Curtis S. Laughlin Jr., 82: Great Diamond Island's 'legend of volunteerism'

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PORTLAND – Curtis Stuart Laughlin, 82, died March 4, at Kennebunk Center for Health and Rehabilitation, where he had resided for the last eight years.

Laughlin was born Sept. 18, 1933, in Portland, the son of Curtis and Dorothy (Taylor) Laughlin. He attended Deering High School and went to college to be a teacher. He taught for a short time in Brunswick.

He returned to Portland and purchased a Victorian-era cottage on Great Diamond Island, where his family had summered since 1900. Following generations of family tradition, Laughlin was a deacon at Woodford Congregational Church.

Laughlin had a very thoughtful and deliberate manner, which likely contributed to his gift as a teacher. As a substitute teacher in Portland, he was greatly admired by his peers, and held a critical position working with students in special education. Other teachers noted Laughlin’s ability to connect with students that needed extra support.

He loved games and was a member of the Portland Chess Club for most of his life. Many of those years he was the president of the local chapter, organizing many historic tournaments. Only until his health began to fail did Laughlin miss Friday night meetings. Other evenings were spent visiting neighbors on the island for dinner, sharing stories and games of cards. He also played tennis, cared for the old clay tennis courts and taught many children to become proficient players.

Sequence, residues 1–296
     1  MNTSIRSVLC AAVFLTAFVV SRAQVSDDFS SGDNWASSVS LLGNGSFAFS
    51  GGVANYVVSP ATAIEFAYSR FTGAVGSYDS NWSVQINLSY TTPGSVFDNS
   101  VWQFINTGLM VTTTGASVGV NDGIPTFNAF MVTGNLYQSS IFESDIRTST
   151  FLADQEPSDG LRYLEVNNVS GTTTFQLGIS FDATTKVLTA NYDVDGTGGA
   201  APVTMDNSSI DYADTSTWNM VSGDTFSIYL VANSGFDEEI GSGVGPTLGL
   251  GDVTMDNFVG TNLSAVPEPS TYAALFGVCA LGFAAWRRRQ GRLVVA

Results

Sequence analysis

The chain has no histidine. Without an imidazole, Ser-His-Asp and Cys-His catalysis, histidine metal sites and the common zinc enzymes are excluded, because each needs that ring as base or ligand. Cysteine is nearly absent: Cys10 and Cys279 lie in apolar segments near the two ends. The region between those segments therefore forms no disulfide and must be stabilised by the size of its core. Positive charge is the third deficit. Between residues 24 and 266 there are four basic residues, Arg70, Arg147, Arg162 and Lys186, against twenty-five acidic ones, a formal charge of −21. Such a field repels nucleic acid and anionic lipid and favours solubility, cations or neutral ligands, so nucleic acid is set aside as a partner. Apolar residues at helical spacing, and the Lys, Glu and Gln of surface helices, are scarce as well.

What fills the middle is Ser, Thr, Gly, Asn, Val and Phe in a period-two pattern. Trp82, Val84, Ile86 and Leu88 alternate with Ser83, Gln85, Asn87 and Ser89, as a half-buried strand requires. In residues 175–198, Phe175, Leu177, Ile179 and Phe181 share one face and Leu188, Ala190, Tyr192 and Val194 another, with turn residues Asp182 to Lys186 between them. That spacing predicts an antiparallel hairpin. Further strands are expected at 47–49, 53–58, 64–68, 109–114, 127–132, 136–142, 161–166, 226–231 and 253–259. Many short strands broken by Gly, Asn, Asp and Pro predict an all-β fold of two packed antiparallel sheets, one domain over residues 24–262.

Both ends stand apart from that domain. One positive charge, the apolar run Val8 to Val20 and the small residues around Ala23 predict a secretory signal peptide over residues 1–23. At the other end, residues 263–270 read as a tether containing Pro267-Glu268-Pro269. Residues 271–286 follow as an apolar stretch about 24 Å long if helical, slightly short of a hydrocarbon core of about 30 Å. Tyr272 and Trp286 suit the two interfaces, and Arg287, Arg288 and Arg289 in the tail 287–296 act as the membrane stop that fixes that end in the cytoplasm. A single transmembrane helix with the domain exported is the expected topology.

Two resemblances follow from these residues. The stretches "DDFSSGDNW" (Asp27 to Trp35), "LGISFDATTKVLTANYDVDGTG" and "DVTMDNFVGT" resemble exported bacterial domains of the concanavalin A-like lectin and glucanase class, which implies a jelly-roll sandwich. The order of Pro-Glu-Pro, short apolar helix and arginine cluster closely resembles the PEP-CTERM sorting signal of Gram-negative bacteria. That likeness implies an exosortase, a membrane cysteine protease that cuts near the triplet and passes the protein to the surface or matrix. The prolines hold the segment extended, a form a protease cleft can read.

Laughlin loved life on Great Diamond Island, and was called a “legend of volunteerism.” He served for decades as the board secretary of the Diamond Island Association, and credited for holding the group together. He was an original member of the Casco Bay Island Transit District. On Great Diamond Island he organized movie nights for the children, and always kept the fires burning for all of the lobster suppers and 4th of July celebrations.

Many people will miss Laughlin, and an island community will have to adjust to the loss.

Laughlin was predeceased by his brothers, Frederick Laughlin, of Portland, Ernest Laughlin, of Kittery and R. Bruce Laughlin, of Manchester, Connecticut; and a niece, Gail Laughlin, of Portland.

He is survived by two nephews, Phil Laughlin and Robert Laughlin; a niece, Cat Laughlin, of Manchester, Connecticut; and three grand-nephews, Zack Labbe, and Matthew and Nicholas Laughlin. 

Funeral arrangements had not been finalized at Jones, Rich and Hutchins of Portland by press time.

The family wishes to thank the staff at Kennebunk Center for Health and Rehabilitation for their kindness and care.